Theory of a Deadman – Ragin’ Caygeon – Guelph, Ontario – June 29, 2009
Photos and Review: Mike Forbes
Theory of a Deadman hopped into Guelph with a couple truckloads of gear and set up shop in the old Club Denim, now known as the Ragin’ Caygeon. Set to rock the place with 8 Mesa Boogie stacks, a drum riser and enough lights to safely land a 747 in a thunderstorm. I used to frequent this bar when bands like Big Sugar, Finger Eleven and Billy Talent used it as their launching pads. The awesome sound of the old theatre and great view lines make it a perfect venue for large bar sized bands.
The opening band, Parlor Mob, fired up with a set closely resembling a lot of Led Zeppelin and other 70’s classic rock. These guys, as tight and rockin as they were, warmed up the Caygeon nicely but I don’t see these guys making it huge cuz there’s just too many bands out there doing the exact same thing with nothing super special to set them apart from the crowd.
The same has been argued about Theory though. Often compared to the likes of Nickleback, a band which I will go on record again by saying I LIKE THEM and I don’t give a shit what anybody says. I’m not going to let the sheer volume of radio airplay ruin a decent Canadian touring band with a lot of cool tunes and a great show.
That being said, at a glance Theory has a lot of tunes that to me sound identical to a load of other bands but they’ve seemed to found a niche within a niche and has obviously showed something “super special” to set themselves apart. What that super special thing is, I don’t really know, but they are hugely popular in Canada AND the States so there undeniably IS something there.
Their list of hits speaks for themselves. A quick visit to their Myspace site tells you everything in a few numbers. With 30 million + hits on “Bad Girlfriend” alone, you can’t argue with a number like that. The average band is lucky to nail down a few thousand hits to a tune, hell, a few thousand “friends” even…
The hits these guys can pick from keep the song familiarity at a high level even for people who didn’t think they knew any of their tunes. A band like Theory will surprise you as to how many of their tunes you actually know and like. Needless to say I found myself quite surprised at the amount of tunes I knew but had no idea Theory was the band who played them.
People gotta wonder what makes ME a music reviewer. I can’t remember fuck all about most bands, I don’t pay attention to who plays what, unless it’s a band that has REALLY grabbed me by the nuts. And for the most part I don’t give a shit about who’s in the band, where they’re from or how many albums they’ve sold. To me, a good band is a good band is a good band and after seeing Theory do their thing, I gotta say, they’re a damn fine band and they deserve the success they’ve achieved.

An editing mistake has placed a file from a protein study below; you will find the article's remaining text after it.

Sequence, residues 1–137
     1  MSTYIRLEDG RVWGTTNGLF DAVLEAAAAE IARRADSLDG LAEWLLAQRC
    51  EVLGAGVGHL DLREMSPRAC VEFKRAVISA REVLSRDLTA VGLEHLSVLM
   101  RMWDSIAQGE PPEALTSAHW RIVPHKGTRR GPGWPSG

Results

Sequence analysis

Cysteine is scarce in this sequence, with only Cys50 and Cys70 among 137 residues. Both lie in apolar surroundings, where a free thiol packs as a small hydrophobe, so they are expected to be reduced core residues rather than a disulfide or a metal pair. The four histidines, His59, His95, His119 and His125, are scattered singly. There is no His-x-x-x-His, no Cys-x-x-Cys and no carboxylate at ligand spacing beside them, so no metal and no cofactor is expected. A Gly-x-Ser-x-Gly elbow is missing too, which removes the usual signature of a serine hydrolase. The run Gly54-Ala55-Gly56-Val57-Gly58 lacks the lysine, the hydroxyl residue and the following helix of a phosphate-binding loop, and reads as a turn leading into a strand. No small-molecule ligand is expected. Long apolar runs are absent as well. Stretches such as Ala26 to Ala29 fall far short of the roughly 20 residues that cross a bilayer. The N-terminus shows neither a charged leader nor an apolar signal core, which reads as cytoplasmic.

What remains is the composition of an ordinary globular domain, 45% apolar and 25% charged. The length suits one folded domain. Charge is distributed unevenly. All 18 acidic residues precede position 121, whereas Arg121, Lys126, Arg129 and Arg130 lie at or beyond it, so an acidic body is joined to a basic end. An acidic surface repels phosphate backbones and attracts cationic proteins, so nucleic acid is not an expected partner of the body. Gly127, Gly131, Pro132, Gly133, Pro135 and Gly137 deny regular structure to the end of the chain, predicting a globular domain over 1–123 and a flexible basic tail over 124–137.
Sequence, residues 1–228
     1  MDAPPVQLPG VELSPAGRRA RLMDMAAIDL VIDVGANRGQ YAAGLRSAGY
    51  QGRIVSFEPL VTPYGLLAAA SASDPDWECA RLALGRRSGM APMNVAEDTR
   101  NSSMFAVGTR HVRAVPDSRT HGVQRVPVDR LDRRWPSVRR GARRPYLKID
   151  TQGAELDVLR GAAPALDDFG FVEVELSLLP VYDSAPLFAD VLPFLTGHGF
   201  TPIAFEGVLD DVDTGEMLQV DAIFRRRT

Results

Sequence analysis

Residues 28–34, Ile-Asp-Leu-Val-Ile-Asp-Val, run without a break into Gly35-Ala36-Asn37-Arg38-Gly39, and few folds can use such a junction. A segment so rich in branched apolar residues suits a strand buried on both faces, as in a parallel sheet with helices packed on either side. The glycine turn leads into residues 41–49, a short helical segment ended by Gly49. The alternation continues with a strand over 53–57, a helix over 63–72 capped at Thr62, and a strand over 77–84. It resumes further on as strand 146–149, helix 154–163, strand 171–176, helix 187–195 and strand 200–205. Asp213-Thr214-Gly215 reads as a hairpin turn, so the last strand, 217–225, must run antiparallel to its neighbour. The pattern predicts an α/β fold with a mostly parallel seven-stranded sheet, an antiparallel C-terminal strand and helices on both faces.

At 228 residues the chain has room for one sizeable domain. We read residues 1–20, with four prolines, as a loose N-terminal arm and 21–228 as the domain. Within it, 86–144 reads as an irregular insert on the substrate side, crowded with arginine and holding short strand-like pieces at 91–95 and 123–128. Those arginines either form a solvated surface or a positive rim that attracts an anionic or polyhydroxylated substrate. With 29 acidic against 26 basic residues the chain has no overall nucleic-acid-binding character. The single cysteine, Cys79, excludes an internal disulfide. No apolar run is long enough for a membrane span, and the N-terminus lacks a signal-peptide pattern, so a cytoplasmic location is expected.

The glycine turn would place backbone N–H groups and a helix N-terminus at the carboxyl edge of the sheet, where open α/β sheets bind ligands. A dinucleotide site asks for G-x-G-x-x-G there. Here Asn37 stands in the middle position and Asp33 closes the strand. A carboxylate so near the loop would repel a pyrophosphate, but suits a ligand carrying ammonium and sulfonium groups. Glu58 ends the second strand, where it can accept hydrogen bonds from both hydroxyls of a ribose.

Lead singer, guitarist, Tyler Connolly at centre stage, kept the schoolgirls in the front row happy. Meanwhile lead guitarist David Brenner, sporting a beautiful Gibson Firebird and later a killer looking Gibson Flying V painted up in a Vancouver Canucks uniform, and bassist Dean Back kept the music in check with their tight ear friendly melodies. Perched up on the drums was some dude yet to be named on their web sites who held down the timekeeping duties just fine.
I’ve always hated that. You get a band who’s got 4 members on stage but there’s only 3 guys in the pics and the bios and all that shit on their web sites and whatnot. I just don’t get why you’d purposely leave out this “unimportant guy”.. What? Is he that much of an asshole that you really don’t want him in the band? Then why’s he there? He must be serving some purpose. One of my favourite bands, the Trews, does that to their keyboard player who’s been with them for I don’t know how long now. The guy is an integral part of the sound. Take him outta there and see how full the band sounds. Take the drummer outta Theory and you got nothing. No band can make it without a good drummer. Well.. cept the Beatles.
I must say that at the end of it all, if you were one of the people who only paid $35 to see Theory of a Deadman in this very small and intimate venue, you were lucky. Cuz just like so many other bands before them, they’re on route to never have to play this small a venue again.
Rebel Reviewer Dot Com
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